Persons related to Chopin Persons related to Chopin

Leon Boruński

Leon Boruński

Leon Boruński

*1909 Petersburg, †1942 Otwock k. Warszawy

Winner seventh award II Fryderyk Chopin International Piano Competition in Warsaw (1932).

Leon Boruński was born 1909 in St. Petersburg. After Poland regained independence in 1918 the Boruński family returned to their homeland and settled in Łódź. There the nine year-old boy began his musical education under Feliks Halpern, one of the best piano teachers in the city. He entered the Chopin Higher Music Academy when he was 19, where he became a student on Prof. Józef Śmidowicz's piano class. He completed his studies in 1932

Three months before his diploma examinations at the Academy, he took part in the Second Chopin Competition (6-23 March 1932), winning the 7th award. One year later (1933) he took part in the International Music Competition in Vienna where the jury, consisting of many eminent musicians (including among others Wanda Landowska, Ignacy Friedman, Moritz Rosenthal and Józef Turczyński), awarded him the diploma for semi-finalist.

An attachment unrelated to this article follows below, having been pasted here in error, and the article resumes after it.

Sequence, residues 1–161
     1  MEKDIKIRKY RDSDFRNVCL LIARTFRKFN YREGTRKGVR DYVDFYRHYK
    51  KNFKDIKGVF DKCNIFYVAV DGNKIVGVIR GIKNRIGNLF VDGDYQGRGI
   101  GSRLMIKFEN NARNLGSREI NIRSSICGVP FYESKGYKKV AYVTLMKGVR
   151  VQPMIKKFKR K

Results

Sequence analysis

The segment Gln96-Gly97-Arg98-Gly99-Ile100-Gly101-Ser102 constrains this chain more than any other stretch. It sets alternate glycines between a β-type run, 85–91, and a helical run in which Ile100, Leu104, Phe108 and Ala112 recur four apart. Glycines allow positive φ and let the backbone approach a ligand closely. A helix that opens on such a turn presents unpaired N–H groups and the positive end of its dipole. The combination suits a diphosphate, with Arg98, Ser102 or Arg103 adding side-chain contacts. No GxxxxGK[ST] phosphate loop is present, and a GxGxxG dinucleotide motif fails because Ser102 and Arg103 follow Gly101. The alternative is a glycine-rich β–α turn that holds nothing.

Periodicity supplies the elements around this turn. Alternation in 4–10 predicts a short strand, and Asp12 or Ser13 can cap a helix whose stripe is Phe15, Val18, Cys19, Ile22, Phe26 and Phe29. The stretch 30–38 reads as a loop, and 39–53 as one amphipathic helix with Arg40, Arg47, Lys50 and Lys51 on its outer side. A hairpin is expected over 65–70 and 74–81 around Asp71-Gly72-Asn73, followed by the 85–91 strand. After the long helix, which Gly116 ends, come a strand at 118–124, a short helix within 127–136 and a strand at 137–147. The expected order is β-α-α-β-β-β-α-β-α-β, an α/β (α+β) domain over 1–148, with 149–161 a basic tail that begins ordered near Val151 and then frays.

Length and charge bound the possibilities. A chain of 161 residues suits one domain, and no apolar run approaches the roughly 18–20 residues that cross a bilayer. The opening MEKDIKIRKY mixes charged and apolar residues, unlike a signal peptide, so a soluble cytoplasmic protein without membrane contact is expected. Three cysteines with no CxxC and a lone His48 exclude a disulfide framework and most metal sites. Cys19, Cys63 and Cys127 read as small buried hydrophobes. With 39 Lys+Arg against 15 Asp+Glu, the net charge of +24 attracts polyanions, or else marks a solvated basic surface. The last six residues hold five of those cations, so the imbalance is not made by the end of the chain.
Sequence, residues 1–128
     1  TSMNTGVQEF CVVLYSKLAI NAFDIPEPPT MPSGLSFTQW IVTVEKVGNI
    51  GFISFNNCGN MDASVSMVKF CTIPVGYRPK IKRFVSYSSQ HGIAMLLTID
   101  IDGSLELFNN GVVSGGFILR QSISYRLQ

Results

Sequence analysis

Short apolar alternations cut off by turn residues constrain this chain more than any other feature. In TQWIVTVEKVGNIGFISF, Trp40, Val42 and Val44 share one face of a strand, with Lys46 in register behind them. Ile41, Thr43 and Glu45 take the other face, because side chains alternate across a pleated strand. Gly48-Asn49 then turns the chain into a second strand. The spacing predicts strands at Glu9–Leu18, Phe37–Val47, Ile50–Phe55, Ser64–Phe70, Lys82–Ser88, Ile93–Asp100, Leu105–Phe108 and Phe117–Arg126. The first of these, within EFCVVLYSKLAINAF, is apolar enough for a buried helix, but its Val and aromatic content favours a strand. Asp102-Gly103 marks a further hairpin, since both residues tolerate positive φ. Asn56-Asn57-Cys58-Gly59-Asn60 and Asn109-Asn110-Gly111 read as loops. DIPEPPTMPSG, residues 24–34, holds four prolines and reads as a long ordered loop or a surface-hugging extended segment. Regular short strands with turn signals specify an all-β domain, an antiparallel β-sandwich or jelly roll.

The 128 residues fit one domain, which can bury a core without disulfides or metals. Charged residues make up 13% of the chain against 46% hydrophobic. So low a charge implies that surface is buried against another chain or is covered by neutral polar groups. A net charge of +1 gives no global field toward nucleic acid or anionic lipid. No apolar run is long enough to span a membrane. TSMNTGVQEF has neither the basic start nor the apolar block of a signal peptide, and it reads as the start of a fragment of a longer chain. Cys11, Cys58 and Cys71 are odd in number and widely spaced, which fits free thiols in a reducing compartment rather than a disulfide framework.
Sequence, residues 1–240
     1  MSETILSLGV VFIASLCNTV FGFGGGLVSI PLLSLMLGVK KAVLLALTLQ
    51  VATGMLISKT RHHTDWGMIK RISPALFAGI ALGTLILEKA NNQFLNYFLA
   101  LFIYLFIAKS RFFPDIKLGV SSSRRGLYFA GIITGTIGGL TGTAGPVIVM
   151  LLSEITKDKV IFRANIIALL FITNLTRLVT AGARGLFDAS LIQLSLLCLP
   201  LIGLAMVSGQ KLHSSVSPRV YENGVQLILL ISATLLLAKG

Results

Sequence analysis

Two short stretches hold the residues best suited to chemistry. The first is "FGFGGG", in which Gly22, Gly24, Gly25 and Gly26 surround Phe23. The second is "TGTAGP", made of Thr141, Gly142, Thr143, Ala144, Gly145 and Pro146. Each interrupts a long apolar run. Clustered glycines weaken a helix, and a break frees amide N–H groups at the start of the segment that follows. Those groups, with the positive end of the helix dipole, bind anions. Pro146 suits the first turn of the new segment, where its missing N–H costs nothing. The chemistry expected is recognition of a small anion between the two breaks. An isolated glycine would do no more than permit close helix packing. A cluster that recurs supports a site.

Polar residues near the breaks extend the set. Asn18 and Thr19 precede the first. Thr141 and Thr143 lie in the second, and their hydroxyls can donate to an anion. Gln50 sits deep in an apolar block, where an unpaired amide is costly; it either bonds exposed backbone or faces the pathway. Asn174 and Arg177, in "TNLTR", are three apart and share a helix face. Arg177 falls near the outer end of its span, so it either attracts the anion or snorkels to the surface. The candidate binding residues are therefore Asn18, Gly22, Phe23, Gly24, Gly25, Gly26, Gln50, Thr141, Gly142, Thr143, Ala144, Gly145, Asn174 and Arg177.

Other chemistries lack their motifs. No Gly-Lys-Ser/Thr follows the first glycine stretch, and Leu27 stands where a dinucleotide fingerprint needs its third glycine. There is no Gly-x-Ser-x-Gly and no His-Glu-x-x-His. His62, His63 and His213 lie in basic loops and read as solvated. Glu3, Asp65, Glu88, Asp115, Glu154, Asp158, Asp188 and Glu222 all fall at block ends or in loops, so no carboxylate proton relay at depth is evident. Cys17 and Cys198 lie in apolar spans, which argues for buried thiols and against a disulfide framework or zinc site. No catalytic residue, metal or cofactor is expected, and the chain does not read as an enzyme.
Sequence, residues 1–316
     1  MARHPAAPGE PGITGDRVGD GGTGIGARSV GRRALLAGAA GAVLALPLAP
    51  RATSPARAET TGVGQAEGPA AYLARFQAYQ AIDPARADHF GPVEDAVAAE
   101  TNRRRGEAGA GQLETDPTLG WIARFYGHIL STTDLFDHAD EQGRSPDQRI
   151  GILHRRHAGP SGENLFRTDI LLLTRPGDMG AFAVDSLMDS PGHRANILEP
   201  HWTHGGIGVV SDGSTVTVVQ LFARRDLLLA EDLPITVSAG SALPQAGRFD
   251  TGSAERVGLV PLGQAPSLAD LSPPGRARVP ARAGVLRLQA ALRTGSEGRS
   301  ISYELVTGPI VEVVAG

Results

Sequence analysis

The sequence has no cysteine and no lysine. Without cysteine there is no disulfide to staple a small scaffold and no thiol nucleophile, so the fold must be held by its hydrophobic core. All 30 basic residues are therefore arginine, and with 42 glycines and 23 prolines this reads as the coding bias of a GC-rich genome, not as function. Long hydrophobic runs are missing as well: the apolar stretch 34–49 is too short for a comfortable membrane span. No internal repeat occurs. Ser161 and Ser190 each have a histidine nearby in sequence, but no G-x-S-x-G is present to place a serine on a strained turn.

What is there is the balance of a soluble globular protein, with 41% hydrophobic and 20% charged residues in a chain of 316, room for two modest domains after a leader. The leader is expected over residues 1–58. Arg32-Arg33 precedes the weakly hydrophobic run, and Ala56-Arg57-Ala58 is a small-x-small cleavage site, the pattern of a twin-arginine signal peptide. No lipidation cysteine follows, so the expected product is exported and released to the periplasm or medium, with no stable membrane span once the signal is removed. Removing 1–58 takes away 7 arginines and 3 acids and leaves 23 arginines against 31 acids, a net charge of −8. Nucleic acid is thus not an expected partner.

Leon Boruński began his concert career during his studies in Warsaw. He was shortly recognised as a sensitive musician who – as one critic wrote following a recital – "displays a subtle talent for interpretation and very well developed technique, which indicates a good school and serious aspirations".

Leon Boruński was a multifaceted musician. He was endowed with inborn musicality he had great ease as a pianist but also had improvisational and composition skills. It was certainly these latter that caused that he, after several years of developing his virtuoso career, dedicated himself to working in Warsaw’s repertory theatres where as a musical improviser and accompanist his talents could be fully utilised. For these theatres he wrote stage, popular and jazz music. He also wrote more ambitious pieces such as Piano Concerto, Children's Symphony, songs for voice and piano as well as piano miniatures.

Unfortunately all of Boruński's compositions were lost during World War II. The artist himself died tragically in 1942 in Otwock near Warsaw.

Stanisław Dybowski


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